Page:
Mohammed Elnaiem revisits the death of South African activist Steve Biko. JSTOR Daily


Nicole Karlis reports that a covid vaccine may only last for a year based on the most recent findings. Salon

Olga Khazan: a failure of empathy led to 200,000 deaths. It has deep roots. The Atlantic

How losing your job changes you. SciShow Psych

Richard Herzog explains how Aztecs reacted to colonial pandemics. JSTOR Daily


Richard Wolf calls Justice Ginsberg a superhero who never quit as she returns to Supreme Court one final time. Ginsberg is the first woman to lie in state. USA Today

Jackson Katz: violence against women—it’s a men’s issue. This TED talk is from 2012. Have we made significant progress since? TEDxFiDiWomen 

Ruth Tam advises you to lift your head and lower your arms—you just might feel better. NPR

Meghan Keane explains how to say no, for the people pleaser who always says yes. NPR

Stephen E. Nash: what fire archaeology tells us about the bringing of the American West. Atlas Obscura

The truth about dog years. SciShow

Thieving pikas in the Rockies. Because pikas are CUTE! The Nature of Things | CBC

Sarah Miller Llana considers the Sudbury model: how one of the world’s major polluters went green. Christian Science Monitor

It’s probably not life on Venus … but it could be. SciShow Space

Thor Benson reveals project A119 and the time we almost nuked the moon. Wild. Digital Trends

Alex Sanz: NASA astronaut Kate Rubins intends to vote from the ISS. AP News

Thanks for stopping by. I hope you found something to inspire your next creative project.

This weekend I should be posting my next chapter update for September (!) Seriously, where has the time gone?

Until then, be well and stay safe, my writerly friends.

Thoughty Thursday: Things that made me go hmmmm on the interwebz, May 31-June 6, 2020

It’s time to get your mental corn popping.

Because I’m listening and learning and want to do better:

What a future without police could look like. Desmond Cole. Walrus talks.

Lawrence Hill on racism in Canada and the US after George Floyd’s death. CBC

 

Nadia Drake covers the Dragon capsule docking with the International Space Station. National Geographic

Dave Mosher: SpaceX’s Endeavour spaceship has made history by docking with the International Space Station with two NASA astronauts. Business Insider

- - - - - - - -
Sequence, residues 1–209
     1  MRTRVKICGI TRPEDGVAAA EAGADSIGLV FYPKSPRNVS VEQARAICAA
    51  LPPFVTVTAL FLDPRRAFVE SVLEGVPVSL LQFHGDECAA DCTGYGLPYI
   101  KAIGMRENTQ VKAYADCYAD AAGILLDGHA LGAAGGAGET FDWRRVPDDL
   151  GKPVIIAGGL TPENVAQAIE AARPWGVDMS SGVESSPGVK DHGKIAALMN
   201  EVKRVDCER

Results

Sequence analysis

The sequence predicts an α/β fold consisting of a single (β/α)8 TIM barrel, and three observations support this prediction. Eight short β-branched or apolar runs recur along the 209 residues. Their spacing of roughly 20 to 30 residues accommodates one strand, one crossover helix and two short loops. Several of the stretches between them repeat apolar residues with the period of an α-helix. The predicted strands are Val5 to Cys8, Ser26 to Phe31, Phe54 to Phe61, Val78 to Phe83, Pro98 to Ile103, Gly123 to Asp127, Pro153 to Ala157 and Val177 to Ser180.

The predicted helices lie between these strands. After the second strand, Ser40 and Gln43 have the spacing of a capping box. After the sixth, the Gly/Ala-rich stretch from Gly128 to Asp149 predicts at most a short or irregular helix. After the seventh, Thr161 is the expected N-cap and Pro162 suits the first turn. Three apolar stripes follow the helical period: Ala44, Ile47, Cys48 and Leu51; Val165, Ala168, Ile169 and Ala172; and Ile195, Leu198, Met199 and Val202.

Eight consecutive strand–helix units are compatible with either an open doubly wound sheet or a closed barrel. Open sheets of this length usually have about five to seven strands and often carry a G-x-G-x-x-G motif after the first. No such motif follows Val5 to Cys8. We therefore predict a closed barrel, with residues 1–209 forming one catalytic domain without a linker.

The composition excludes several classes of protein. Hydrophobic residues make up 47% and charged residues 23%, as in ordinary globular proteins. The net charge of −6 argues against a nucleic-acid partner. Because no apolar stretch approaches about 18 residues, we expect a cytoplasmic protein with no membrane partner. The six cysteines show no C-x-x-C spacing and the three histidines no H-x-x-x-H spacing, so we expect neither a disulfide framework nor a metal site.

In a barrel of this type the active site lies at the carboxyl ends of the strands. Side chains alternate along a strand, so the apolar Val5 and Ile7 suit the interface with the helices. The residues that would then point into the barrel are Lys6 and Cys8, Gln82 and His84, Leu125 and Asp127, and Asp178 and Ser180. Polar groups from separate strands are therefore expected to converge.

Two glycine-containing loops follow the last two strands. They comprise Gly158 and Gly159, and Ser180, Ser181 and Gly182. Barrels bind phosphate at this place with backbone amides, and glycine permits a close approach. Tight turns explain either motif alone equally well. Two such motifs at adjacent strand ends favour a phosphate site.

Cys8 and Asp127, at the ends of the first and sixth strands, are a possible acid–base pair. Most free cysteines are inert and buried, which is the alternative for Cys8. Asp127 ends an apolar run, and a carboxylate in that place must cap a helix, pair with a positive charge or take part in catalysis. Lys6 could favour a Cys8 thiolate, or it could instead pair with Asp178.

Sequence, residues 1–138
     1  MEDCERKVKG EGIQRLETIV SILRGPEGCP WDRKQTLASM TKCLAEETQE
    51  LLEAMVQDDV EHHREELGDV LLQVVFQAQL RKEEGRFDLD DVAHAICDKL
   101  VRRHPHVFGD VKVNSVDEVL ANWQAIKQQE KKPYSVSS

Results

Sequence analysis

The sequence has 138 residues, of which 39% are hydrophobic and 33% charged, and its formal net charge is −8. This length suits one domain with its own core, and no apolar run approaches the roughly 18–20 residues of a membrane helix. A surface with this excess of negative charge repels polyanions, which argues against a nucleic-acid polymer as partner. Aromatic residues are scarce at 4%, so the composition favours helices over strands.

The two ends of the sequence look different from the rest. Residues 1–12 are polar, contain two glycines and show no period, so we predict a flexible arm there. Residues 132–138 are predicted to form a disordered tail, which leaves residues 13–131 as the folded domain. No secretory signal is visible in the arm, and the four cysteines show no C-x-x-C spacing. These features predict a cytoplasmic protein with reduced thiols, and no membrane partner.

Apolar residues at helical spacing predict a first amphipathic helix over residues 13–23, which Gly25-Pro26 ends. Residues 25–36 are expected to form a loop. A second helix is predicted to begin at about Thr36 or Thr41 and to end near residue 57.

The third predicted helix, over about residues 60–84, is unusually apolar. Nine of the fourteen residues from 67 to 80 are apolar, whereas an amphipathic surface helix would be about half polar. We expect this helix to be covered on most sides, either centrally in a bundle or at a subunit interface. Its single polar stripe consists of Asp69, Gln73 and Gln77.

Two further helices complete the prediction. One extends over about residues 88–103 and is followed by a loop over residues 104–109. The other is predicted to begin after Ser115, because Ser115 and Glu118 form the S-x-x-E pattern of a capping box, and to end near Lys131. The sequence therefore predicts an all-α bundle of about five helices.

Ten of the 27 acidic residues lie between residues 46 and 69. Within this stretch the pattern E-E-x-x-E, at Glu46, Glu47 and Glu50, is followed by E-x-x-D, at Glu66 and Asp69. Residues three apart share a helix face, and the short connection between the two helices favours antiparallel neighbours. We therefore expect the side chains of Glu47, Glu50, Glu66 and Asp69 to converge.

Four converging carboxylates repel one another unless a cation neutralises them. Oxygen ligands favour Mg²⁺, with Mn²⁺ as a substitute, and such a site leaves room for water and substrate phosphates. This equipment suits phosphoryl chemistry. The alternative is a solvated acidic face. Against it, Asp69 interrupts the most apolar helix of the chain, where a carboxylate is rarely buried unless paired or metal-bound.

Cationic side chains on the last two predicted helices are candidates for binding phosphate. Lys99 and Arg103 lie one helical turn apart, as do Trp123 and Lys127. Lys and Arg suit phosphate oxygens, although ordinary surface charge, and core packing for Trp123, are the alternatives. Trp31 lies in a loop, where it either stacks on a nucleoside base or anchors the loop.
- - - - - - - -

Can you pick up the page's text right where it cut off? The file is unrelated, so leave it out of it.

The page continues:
SciShow Psych delves into the reason we’re having weird covid dreams.

Jessica Stewart shares this ancient Roman mosaic discovered in pristine condition beneath a vineyard in Italy. My Modern Met

Jennifer Pattison Tuohy: the beginner’s guide to propagating houseplants. Dwell

Emily Chung: these Canadian species are found nowhere else on Earth. CBC

Jake Rossen figures out what pets see when they watch television. Mental Floss

Thanks for visiting and I hope you found something to inspire a future creative project.

Until next tipsday, be well and stay safe, be kind, and stay strong. The world needs your stories.

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Thoughty Thursday: Things that made me go hmmmm on the interwebz, May 24-30, 2020

Happy Friday eve! It’s time to get your mental corn popping 🙂

Ben Lindbergh: NASA and Space-X unleash the dragon as they count down to the next stage of space travel. The Ringer

Jacob Bogage and Christian Davenport report on the successful launch of the Falcon 9 with NASA astronauts and separation of the Dragon capsule. The Washington Post

Five ways solar energy could develop. SciShow

Maya Wei-Haas says, there are “mountains” bigger than Everest deep inside Earth. National Geographic

Jason Daley: a sorceress’ kit was discovered in the ashes of Pompeii. The Smithsonian Magazine

Terry Gross interviews James Nestor on how the “lost art” of breathing affects sleep and resilience. NPR

Michael Gresko explains how we make, recall, and forget memories. National Geographic

SciShow Psych separates fact from fiction about borderline personality disorder.

Gestalten explores the mystique of scent. The internet has a smell. Who knew?